Project 2.2.01

Dr Marcus Hardie and Assoc Prof John Bennett – Project Leaders
University of Tasmania and University of Southern Queensland

The purpose of the review was to identify existing and prototype soil sensors for consideration by the Soil CRC for investment in research and development.

The review focused on proximal (installed in or immediately above the soil), point scale and mobile sensors and sensory systems. The review considered potential chemical, physical and biological sensors for indicating soil health, function or performance.

Emphasis was placed on reviewing sensors for priority soil attributes identified by growers in Project 2.1.01

Related Programs

Project 3.1.01

Review and meta-analysis of waste-derived fertiliser products, nano-porous materials for pesticide delivery, and moisture retention and microbial carrier technologies.

Project 3.1.01

Professor Chengrong Chen – Project Leader
Griffith University

Intensive agriculture has led to land degradation in some areas. Together with inefficient use of fertiliser and pesticides/herbicides, the productivity and sustainability of many agricultural systems in Australia is greatly limited.

The aim of this scoping study was to undertake a comprehensive review and meta-analysis of potential values of waste by-products and natural resources in Australia to be used for manufacturing new fertilisers, nano-porous materials for pesticide/herbicide delivery, and moisture retention and microbial carrier products.

The outcomes provided recommendations on the priorities for future research investment to meet Program 3 Milestone Output 1 (novel high performance fertiliser products), 2 (new low residual pesticide/ herbicide delivery systems) and 4 (effective delivery of beneficial microorganisms).

Related Programs

Project 3.3.01

Mapping projects on ameliorating soil constraints, and review of soil constraints, products and technologies.

Project 3.3.01

Dr Susan Orgill – Project Leader
NSW Department of Primary Industries

This project identified the location, scope and impact of current research investigating soil constraints to agricultural production, and reviewed the major soil constraints to Australian agriculture and the amelioration products and technologies to manage these constraints.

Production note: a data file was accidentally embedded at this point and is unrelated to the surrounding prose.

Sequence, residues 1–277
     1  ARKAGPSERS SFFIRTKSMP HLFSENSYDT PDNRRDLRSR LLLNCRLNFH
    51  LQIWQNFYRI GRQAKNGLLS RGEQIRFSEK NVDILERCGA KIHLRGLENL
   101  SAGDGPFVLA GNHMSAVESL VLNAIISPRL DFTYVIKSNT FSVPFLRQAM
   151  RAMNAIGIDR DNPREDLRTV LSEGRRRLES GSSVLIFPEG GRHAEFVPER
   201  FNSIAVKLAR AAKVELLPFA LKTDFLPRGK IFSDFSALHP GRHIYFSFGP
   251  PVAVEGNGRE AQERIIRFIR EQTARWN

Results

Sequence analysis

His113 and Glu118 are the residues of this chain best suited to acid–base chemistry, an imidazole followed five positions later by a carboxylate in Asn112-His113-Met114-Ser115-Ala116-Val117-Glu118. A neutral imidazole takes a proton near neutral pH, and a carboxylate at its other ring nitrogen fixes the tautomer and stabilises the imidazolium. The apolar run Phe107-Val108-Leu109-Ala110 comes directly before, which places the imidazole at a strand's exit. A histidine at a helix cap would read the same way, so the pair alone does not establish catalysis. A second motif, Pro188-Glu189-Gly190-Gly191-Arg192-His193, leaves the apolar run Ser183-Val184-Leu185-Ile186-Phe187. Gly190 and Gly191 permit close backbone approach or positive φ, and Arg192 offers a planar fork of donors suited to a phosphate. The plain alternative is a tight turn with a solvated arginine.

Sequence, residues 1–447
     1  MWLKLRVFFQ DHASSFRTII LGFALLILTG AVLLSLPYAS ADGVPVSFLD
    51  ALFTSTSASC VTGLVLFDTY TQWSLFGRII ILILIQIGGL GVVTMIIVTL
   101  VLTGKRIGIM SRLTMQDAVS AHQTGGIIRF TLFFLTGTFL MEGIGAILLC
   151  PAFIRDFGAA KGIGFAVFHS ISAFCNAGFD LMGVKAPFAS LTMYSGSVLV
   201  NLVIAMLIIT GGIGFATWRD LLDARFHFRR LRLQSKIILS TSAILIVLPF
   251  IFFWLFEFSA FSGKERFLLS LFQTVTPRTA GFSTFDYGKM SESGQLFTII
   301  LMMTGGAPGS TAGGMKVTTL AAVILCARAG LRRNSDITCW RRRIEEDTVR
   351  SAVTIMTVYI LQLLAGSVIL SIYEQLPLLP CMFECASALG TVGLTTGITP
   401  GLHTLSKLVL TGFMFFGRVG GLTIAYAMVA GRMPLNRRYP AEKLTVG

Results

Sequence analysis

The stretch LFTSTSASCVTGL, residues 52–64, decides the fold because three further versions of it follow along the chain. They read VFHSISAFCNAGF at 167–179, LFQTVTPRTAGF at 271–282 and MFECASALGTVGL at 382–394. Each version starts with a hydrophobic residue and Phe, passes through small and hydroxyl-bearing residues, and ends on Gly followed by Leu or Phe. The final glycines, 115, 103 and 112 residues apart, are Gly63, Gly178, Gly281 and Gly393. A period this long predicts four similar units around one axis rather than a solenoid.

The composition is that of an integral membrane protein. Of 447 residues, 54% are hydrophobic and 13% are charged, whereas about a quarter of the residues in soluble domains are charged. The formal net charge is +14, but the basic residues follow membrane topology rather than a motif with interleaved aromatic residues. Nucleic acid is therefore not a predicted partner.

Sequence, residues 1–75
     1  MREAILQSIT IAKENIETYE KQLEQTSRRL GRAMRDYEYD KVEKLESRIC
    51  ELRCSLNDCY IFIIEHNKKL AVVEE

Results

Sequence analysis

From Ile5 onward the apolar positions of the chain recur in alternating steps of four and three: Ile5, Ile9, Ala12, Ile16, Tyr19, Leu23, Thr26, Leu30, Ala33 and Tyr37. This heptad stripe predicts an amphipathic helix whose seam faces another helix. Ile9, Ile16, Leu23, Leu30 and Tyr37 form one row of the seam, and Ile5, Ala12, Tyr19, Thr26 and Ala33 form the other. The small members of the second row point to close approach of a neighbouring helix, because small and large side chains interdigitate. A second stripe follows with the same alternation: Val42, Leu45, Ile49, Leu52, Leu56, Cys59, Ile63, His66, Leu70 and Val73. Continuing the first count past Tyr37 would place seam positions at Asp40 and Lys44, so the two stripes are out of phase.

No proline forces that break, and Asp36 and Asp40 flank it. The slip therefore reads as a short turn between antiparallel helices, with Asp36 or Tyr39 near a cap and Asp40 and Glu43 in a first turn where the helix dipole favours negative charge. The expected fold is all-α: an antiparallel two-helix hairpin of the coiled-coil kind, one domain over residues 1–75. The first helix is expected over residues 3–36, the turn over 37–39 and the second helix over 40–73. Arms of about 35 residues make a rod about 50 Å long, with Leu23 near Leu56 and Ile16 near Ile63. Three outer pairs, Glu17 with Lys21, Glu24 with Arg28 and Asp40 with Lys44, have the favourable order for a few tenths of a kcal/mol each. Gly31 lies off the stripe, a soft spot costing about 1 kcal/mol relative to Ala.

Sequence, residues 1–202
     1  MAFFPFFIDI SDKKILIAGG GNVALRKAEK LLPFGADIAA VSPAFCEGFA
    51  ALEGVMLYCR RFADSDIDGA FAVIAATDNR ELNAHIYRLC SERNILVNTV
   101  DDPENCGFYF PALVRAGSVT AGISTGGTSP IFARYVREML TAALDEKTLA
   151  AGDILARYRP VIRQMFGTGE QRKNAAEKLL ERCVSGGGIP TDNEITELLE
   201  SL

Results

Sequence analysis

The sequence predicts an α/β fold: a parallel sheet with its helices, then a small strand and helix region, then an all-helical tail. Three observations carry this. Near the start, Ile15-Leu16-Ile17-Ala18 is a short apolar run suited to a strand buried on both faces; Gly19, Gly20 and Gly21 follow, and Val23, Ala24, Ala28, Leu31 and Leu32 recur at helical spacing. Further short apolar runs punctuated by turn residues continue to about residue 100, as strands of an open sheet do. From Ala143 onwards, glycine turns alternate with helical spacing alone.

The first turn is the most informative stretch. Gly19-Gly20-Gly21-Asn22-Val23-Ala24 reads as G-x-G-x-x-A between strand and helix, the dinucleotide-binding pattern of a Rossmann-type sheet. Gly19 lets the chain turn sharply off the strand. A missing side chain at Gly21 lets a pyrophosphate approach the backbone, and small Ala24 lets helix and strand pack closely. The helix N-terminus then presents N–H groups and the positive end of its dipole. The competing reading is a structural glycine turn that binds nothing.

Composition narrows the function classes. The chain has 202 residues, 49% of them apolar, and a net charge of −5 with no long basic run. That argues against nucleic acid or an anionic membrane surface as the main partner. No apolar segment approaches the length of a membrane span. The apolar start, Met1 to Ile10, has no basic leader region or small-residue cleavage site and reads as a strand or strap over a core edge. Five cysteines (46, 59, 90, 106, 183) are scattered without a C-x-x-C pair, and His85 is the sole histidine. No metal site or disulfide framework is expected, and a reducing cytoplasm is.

This project produced a report based on an objective needs assessment using an economic framework for prioritisation that will be critical in deciding the future research directions for Program 3.

Related Programs

Project 4.1.01

Scoping study to identify and prioritise regional soil constraints.

Project 4.1.01

Diana Parsons – Project Leader
Central West Farming Systems

This scoping study consulted with end users to identify the key issues that are contributing to lower production due to soil constraints so that the future research of program 4 (with aspects informing Program 3, output 3) can be directed and targeted to deliver outcomes in these areas.

A key deliverable of this study is the establishment of formal engagement between researchers and growers in the identification and prioritisation of issues. The on-ground relationships this scoping study established are critical to the successful adoption of future Soil CRC outcomes.

Related Programs

Project 4.3.01

Soil models, tools and data: Current state of play, future directions and setting up for longevity and a legacy from the CRC for High Performance Soils

Project 4.3.01

Dr Keith Pembleton – Project Leader
University of Southern Queensland

The suite of decision support systems (DSS) needed to be reviewed and assessed to ensure their effectiveness and their usefulness and longevity beyond the life of the Soil CRC.

This scoping project mapped, reviewed and assessed the landscape of the DSS, models and data. Recommendations have been made on how DSS developed through the Soil CRC can build on past research to have impact and longevity.

Related Programs